Martin Provost directed Violette. See Violette trailer here (youtube)
Sandrine Kiberlain is superb as Simone de Beauvoir – demanding, principled and controlled. Emmanuelle Devos is even better as penniless, neurotic Violette Leduc, who arrives like a stalker on De Beauvoir’s doorstep with the dog-eared manuscript of her unpublished novel, L’Asphyxie (or Imprisoned in My Skin).
In 1942 she met Maurice Sachs and Simone de Beauvoir, who encouraged her to write. Her first novel, L’Asphyxie (In the Prison of Her Skin), was published by Albert Camus for Éditions Gallimard and earned her praise from Jean-Paul Sartre, Jean Cocteau and Jean Genet.
The great Argentine writer Jorge Luis Borges once described poetry as “algebra and fire.” The same is true of politics. Watching Violette, you’re reminded that the women’s movement was born not only of theories about equality and justice — the algebra — but of the fire of personal testimony, the willingness of women to say what they had thought and felt for centuries but never fully dared say before. Such willingness is what Violette Leduc possessed, what Beauvoir recognized, and what eventually made her books best-selling touchstones for women in France. Sure, it also made her miserable to be around, but then again, likability isn’t everything. (via)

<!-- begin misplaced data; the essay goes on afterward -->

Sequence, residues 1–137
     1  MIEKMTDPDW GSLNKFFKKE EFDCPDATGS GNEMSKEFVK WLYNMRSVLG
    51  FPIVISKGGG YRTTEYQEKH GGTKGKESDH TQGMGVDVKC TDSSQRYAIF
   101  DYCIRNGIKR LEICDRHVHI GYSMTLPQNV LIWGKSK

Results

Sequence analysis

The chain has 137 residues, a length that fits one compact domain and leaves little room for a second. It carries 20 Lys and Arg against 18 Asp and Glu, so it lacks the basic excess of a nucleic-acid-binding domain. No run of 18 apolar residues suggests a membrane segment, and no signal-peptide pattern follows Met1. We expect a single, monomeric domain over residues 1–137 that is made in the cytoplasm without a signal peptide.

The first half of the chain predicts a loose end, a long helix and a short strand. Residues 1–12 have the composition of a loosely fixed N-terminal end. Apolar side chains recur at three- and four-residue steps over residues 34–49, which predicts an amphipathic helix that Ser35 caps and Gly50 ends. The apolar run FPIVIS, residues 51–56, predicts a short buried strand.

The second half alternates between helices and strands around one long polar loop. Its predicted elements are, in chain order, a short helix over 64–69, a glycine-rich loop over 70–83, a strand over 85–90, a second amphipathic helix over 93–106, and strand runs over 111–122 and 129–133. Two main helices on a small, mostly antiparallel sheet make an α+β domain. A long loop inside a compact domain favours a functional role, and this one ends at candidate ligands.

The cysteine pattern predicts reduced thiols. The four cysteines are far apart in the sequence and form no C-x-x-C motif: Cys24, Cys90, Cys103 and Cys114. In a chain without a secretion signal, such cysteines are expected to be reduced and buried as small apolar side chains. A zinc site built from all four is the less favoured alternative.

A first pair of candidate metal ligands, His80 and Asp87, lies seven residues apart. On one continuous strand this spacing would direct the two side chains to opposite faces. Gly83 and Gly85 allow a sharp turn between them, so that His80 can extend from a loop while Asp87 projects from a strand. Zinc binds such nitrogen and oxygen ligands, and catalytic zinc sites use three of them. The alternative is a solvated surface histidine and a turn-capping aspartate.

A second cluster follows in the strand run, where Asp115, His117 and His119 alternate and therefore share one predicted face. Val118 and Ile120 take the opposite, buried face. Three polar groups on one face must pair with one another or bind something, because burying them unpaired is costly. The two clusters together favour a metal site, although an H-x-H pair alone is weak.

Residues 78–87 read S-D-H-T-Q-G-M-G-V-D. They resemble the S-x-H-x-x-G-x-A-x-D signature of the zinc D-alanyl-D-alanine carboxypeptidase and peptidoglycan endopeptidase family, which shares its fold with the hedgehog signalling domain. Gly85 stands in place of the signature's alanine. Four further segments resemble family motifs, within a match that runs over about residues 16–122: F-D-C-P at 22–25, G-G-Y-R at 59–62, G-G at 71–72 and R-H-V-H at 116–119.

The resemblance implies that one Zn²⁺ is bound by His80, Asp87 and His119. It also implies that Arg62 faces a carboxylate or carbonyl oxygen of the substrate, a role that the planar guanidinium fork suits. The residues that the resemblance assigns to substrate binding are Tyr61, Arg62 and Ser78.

Volcanic Emotions – Film Notes.
Martin Provost previous film (Seraphine)